Does Winterizing Your Home Really Pay Off?

Winter 1

Winter 1

Winter can be treacherous and depressing. The freezing cold and extreme wetness is bad enough; it can also mean rising home maintenance and energy bills. The HVAC system, in particular, bears the brunt of winter’s harshness, since it has to work overtime to keep the entire place warm. So, it’s always wise to winterize your home—right before the cold weather hits and begins to wreak its havoc. Here are some of the ways you can winterize your home, along with the benefits of doing so:

Insulate the building

Openings in the house can let in excess cold air in, thus increasing the workload of the HVAC system. Indeed, some industry experts theorize that about 30 percent of a home’s heat escapes from around windows and under doors, which can increase energy costs by 50 to 75 percent. You can cover the windows with sheets of transparent film and fit a thin piece of cardboard underneath closed doors to keep warm air in and cold air out. Also check the entire house for any cracks or holes and seal them accordingly. Insulating material like fiberglass, spray foam, radiant barrier, and even denim are available at your local home improvement store.

Check your furnace

Each HVAC system is connected to a furnace, which is for high temperature heating. A dirty one, however, is less efficient in heating the home. That translates to more energy consumed for less heat produced. Usually, the fault lies with dirty filters. It is recommended that you replace them with electrostatic or HEPA (High-Efficiency Particulate Arrestance) filters, instead of fiberglass ones. Electrostatic filters can trap and control 88 percent of debris, while HEPA filters can trap virtually all air-borne particles. Another suggestion would be to replace your furnace with one certified by the ENERGY STAR standard, which is set by the Environmental Protection Agency and U.S. Department of Energy. They tend to be more energy efficient than regular models, and you can actually get up to 30 percent of the cost covered by federal tax credits for new furnaces.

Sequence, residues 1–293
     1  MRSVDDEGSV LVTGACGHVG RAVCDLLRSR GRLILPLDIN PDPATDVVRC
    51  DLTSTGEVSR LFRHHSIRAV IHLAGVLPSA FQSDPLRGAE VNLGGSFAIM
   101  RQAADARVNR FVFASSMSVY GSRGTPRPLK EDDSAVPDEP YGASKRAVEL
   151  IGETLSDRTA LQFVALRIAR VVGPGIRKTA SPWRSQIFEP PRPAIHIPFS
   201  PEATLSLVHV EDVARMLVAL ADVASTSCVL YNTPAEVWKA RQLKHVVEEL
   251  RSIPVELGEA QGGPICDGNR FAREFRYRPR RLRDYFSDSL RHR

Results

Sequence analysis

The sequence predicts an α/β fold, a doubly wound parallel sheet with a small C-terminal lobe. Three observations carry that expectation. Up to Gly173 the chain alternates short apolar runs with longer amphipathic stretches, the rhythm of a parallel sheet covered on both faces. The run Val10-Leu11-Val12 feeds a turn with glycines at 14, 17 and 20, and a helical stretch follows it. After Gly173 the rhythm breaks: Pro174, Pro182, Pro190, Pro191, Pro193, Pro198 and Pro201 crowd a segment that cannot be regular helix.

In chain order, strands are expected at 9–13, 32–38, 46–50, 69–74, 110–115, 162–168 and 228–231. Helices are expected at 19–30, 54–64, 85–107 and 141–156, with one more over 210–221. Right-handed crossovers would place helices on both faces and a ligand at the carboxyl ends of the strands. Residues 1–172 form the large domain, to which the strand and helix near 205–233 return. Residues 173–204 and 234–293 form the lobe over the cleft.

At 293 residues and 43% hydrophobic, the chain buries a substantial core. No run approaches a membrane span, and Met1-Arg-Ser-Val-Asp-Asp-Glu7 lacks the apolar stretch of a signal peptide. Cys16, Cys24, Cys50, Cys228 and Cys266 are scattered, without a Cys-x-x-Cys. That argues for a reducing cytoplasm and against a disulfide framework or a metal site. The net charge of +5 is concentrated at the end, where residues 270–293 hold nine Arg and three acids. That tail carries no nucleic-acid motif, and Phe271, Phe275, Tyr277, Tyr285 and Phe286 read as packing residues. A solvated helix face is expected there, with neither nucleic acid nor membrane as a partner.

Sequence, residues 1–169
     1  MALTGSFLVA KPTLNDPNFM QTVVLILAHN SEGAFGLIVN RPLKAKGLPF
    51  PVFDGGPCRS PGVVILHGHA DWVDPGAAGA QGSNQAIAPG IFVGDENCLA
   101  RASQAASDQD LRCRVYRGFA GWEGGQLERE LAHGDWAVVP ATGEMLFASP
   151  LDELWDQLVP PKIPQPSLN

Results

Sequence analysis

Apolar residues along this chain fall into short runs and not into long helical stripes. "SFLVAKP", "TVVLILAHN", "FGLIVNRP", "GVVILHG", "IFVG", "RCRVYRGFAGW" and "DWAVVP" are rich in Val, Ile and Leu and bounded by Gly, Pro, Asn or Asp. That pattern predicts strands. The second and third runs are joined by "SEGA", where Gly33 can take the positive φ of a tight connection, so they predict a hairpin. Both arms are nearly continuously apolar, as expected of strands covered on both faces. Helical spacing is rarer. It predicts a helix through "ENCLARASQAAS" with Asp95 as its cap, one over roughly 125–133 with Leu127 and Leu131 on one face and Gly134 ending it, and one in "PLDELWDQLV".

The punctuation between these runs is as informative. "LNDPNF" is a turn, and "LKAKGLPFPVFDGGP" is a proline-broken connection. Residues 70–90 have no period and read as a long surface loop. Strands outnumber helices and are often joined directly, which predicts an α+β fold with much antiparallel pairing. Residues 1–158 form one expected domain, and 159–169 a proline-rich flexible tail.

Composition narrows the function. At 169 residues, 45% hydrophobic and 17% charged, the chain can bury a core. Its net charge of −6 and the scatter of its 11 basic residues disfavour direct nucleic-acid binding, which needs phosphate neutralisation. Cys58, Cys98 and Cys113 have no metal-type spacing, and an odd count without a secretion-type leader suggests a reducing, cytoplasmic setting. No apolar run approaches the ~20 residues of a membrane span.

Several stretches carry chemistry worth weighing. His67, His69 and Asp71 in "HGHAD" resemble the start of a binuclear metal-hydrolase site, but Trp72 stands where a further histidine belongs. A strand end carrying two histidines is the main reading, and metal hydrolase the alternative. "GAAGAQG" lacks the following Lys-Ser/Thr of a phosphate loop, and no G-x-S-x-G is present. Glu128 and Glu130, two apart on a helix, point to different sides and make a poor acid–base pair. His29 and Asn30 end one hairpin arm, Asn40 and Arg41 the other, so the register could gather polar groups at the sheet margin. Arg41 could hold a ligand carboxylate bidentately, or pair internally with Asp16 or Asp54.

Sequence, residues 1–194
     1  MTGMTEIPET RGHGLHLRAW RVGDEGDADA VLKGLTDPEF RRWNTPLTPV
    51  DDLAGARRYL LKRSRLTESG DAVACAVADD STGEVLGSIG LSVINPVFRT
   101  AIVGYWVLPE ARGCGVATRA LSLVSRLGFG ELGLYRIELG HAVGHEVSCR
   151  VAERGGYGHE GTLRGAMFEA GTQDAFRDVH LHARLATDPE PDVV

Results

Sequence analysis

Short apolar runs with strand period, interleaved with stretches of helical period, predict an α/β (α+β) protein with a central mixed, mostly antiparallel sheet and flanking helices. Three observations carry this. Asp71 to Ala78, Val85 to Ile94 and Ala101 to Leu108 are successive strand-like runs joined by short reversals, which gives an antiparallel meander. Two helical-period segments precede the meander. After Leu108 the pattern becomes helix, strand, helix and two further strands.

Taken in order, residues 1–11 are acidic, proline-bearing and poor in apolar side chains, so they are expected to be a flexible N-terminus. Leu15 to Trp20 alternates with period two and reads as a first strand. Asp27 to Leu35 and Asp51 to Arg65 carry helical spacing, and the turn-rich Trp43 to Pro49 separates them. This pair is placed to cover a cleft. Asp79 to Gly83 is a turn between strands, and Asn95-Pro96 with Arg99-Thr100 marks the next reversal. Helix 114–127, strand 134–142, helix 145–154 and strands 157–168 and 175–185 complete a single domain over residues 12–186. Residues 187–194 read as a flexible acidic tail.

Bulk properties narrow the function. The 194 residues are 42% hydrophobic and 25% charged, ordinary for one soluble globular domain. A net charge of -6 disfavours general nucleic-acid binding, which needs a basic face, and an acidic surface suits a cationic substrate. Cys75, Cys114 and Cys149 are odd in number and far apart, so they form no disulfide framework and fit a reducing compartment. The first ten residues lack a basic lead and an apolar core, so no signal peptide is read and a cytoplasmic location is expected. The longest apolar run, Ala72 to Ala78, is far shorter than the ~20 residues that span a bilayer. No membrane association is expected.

Do some outside work

It’s not just the inside that needs attention. Outside, parts of the plumbing system could rupture due to the extreme cold, thus preventing toilets from functioning at their very best. Also, drafts can go through patios, decks, and driveways. You can apply insulating pipe wraps to protect your plumbing system from freezing temperatures, and outdoor fixtures can be sealed to prevent cold air from travelling to the house. Also, watch out for hanging branches, since ice and snow can weigh them down. Trim or remove the ones that are close enough to cause damage to your roof or any other part of your house.

Call the professionals for an inspection

If you are not a DIY kind of person or need assurance of optimal winterizing, you can call an HVAC contractor to come over. Remember, having HVAC technicians at your home is not only for when something is wrong. HVAC professionals can also stop by for implementing preventative maintenance. For instance, they can check to see if all the ducts are properly sealed, and if the air filter needs replacement. These measures not only improve the performance of the HVAC system, but also extend its life and prevent breakdowns. In some cases, professional inspections can even stave off safety issues, such as gas leaks.

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